Comparison Between Egyptian and Vodoo Magic
|Criteria||Egyptian Magic - Heka||Black African Magic - Voodoo|
-Modern popular beliefs and culture has completely distorted the true nature of magic in ancient Egypt,|
-Egyptian Magic was an integral part of the religion, and spells were mainly used for protection purposes or white magic, in an organized manner
-The magic spells of the Book of the Dead, Coffin Texts and all other sacred texts, were recited as a method of praying very similar to the praying of the Abraham religions when reading verses of the Bible, Quran and Torah
-Spells and texts were standardized through long periods of time, this is again very similar to the Holy sacred books Abraham religions
-There were strict rules for using spells, and this activity was performed in temples according to known codes
-Folk magic deals with secular needs such as love, money and sex, and is not directly linked to an organized religious doctrine|
-Voodoo has its roots and foundations in necromancy or black magic
-Voodoo believers claim that spirits (Loa) rule over the world's affairs in matters of family, love, happiness, justice, wealth and revenge. Evil and good spirits are summoned according to the client purpose
-Voodoo magicians have the power to invent individual spells and methods according to beneficent plans.
-Every king on the West African Coast has a "rain-maker" witch. These used their power in causing storms of rain, wind, and lightning, when required by the king. Failure would simply mean death.
-Egyptian magic was practiced by priests, who were seen as guardians of divine knowledge, and practiced magic as part of their daily duties in temples, festivals and funerals|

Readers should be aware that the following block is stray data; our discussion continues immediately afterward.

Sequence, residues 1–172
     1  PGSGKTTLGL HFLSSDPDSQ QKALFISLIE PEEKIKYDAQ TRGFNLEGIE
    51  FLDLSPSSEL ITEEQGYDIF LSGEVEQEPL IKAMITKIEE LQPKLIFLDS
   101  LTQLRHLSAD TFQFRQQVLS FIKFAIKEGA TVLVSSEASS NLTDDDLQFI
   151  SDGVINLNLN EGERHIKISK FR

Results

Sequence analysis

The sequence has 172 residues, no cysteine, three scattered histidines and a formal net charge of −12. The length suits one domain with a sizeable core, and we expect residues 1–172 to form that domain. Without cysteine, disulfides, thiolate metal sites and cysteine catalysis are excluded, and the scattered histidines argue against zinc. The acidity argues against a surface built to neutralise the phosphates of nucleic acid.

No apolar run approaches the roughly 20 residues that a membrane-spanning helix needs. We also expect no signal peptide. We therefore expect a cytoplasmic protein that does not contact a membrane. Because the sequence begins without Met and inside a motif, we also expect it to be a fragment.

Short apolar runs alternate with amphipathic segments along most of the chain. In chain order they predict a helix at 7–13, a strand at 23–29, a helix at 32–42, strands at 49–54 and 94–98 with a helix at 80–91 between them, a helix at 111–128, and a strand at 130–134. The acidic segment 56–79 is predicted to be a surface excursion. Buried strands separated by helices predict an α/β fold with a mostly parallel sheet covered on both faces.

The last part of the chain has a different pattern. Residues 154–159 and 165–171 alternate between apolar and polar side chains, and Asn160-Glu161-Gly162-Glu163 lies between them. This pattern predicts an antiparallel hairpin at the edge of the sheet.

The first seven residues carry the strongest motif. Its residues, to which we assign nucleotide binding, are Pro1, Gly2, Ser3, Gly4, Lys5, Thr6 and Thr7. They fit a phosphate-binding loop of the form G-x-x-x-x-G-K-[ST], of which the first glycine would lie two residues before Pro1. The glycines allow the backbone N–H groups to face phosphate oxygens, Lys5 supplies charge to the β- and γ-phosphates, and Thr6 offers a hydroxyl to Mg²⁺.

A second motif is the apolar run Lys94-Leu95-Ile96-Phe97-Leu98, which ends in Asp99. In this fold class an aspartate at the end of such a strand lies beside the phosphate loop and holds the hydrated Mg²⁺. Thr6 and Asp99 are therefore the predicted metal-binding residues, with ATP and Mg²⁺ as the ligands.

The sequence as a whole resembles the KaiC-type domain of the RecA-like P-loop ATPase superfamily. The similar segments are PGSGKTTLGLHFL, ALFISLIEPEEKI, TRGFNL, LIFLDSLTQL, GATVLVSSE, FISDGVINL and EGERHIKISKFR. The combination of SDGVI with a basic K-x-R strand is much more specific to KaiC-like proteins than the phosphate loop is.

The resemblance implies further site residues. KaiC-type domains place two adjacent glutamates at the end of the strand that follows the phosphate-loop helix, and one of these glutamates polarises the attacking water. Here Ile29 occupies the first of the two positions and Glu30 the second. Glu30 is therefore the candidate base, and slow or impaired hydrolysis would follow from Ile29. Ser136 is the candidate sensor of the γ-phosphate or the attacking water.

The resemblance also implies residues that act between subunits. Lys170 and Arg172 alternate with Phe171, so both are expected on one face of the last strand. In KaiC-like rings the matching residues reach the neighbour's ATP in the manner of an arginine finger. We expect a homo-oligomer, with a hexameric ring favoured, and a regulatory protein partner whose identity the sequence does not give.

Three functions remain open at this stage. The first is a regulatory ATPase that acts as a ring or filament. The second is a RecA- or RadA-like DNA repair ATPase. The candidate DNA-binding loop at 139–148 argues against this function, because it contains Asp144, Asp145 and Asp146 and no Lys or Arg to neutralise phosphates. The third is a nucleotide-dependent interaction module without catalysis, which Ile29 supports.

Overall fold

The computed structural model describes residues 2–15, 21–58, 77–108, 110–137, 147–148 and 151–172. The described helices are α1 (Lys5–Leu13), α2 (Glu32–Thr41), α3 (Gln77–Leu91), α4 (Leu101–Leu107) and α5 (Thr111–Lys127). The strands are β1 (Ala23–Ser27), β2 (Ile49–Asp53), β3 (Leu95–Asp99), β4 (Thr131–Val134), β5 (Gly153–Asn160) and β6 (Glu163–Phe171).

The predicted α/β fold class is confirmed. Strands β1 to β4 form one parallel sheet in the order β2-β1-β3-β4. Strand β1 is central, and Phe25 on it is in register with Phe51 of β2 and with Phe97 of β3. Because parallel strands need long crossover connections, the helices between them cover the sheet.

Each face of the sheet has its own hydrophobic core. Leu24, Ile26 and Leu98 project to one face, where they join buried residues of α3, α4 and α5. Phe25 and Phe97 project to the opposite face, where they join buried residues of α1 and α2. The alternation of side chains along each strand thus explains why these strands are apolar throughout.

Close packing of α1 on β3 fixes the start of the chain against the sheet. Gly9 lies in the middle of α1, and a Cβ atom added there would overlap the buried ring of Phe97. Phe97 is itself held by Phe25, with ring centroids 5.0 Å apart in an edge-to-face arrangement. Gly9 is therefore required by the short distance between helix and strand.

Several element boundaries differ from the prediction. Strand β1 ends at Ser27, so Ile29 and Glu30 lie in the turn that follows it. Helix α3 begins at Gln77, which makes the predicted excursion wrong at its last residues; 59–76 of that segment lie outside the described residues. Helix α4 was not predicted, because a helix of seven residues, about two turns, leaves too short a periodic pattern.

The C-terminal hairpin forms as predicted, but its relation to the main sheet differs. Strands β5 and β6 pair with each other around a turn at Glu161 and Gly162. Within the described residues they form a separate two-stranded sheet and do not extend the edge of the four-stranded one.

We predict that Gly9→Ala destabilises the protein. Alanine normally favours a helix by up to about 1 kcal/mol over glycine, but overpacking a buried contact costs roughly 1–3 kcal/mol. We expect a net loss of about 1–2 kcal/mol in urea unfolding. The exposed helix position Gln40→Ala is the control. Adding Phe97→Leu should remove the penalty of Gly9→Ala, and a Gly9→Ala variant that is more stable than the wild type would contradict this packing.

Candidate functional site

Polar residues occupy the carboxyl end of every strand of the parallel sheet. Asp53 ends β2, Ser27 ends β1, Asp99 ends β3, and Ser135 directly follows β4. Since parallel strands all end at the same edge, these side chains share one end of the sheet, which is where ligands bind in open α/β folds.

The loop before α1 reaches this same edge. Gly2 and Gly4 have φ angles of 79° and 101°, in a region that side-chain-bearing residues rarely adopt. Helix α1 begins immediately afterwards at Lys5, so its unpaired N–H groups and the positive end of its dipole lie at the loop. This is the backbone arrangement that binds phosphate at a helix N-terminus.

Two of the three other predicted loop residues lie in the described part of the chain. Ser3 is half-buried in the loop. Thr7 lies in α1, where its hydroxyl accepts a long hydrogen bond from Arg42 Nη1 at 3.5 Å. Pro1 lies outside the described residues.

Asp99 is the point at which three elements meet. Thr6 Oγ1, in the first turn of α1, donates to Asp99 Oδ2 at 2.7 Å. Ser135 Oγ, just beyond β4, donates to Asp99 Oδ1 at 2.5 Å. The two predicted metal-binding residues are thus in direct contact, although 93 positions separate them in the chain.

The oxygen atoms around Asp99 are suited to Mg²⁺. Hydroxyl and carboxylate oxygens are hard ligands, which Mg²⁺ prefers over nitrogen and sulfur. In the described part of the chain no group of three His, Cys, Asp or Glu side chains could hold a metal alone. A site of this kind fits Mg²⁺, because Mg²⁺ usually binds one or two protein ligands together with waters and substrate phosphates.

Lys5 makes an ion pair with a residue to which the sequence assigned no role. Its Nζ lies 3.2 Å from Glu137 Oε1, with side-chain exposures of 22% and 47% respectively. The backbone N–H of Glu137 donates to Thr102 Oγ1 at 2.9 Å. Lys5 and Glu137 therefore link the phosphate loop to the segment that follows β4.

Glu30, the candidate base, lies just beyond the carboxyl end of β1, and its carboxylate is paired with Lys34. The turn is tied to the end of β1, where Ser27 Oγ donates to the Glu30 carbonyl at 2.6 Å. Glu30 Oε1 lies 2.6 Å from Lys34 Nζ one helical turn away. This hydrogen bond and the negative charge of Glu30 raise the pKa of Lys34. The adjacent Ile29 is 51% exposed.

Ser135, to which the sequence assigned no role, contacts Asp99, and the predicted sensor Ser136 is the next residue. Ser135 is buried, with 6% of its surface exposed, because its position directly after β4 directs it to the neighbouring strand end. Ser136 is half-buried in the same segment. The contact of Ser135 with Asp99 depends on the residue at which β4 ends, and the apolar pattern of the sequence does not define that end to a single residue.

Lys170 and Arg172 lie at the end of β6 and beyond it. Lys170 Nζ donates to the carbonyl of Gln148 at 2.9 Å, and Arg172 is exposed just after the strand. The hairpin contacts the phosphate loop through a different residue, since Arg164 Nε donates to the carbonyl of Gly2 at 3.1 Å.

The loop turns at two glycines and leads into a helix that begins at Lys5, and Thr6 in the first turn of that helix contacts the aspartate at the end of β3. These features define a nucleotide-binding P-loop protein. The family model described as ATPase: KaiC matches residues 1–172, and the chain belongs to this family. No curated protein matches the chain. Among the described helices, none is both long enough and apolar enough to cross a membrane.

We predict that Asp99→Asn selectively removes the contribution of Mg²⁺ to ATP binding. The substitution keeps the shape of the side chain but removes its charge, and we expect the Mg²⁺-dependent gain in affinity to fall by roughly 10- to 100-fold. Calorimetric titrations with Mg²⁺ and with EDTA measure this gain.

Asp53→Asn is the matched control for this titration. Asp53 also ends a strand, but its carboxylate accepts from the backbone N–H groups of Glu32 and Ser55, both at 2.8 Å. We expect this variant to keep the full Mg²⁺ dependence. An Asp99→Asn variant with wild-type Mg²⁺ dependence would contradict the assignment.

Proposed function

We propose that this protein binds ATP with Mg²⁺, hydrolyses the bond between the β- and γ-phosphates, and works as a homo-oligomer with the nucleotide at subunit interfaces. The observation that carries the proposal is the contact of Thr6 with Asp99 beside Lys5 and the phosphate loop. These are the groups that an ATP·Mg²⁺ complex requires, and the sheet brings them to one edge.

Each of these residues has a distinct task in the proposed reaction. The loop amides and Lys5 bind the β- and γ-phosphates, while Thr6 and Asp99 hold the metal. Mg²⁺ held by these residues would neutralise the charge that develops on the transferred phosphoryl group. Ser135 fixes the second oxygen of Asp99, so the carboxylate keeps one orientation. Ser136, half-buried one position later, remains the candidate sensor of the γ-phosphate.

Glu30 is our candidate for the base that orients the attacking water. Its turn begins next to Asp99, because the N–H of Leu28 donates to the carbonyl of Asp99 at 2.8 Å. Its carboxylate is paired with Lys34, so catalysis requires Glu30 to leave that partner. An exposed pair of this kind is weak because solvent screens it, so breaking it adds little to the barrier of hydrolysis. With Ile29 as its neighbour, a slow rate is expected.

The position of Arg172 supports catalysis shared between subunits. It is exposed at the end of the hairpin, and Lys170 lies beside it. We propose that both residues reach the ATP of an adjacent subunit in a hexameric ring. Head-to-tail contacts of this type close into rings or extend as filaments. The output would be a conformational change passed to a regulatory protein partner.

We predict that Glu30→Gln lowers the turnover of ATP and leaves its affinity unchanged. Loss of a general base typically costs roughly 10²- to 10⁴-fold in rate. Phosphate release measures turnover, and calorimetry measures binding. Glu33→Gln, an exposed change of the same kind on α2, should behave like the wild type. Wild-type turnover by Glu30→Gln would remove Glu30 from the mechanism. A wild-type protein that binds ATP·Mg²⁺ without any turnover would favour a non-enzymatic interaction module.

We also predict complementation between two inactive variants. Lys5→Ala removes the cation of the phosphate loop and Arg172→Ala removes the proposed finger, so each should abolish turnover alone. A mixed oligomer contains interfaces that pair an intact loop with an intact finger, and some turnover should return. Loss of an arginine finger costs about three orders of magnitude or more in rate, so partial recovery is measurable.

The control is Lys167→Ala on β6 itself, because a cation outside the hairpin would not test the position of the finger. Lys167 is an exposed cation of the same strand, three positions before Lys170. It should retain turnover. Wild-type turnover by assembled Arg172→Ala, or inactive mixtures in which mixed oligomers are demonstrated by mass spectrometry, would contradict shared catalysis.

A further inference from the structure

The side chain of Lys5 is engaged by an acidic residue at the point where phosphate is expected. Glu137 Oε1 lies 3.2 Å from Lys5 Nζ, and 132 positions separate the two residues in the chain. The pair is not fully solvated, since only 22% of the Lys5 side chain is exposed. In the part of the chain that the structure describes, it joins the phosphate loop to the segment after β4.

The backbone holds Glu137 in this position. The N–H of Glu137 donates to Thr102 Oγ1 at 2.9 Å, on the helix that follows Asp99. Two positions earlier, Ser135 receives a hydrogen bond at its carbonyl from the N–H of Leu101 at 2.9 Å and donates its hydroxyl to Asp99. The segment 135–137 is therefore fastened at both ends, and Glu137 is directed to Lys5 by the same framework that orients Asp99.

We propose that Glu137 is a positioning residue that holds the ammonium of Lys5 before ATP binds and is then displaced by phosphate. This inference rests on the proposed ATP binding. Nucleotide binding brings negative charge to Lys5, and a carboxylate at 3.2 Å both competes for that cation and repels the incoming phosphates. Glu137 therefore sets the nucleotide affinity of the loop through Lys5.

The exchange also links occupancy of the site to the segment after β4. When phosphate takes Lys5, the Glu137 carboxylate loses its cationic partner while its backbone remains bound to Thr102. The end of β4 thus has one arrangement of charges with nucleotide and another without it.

-Magic was not a business, and priests did not engaged in direct economic activities from this profession
-The general public was not allowed to recite these magical spells, due to their lack of proper purification and their low level of education.
-Voodoo magic is practiced by witches, sorcerers, shamans, fetishists - makers of charms, or bone setters|
-The profession is maintained by collecting money and gifts from the public.
-While Egyptian priesthood demands a life of the greatest purity and the practice of every virtue, the Voodoo necromancer must outrage and degrade human nature in every way conceivable. The very least of the crimes to attain the power sought is actual murder, by which the human victim essential to the sacrifice is provided.
-The single most important use of magic in ancient Egypt was to provide protection|
-The vast majority of spells found in sacred texts and inscriptions served this important purpose
-Amulets were magical symbols of protection used in ornaments, and articles of dress and jewelry, made of various substances, to protect the human body, either living or dead, from baleful influences
-until the end of the Middle Kingdom, priests performed lengthy consecration rituals on amulets carried by the living, the appropriate chapter from the Book of the Dead was read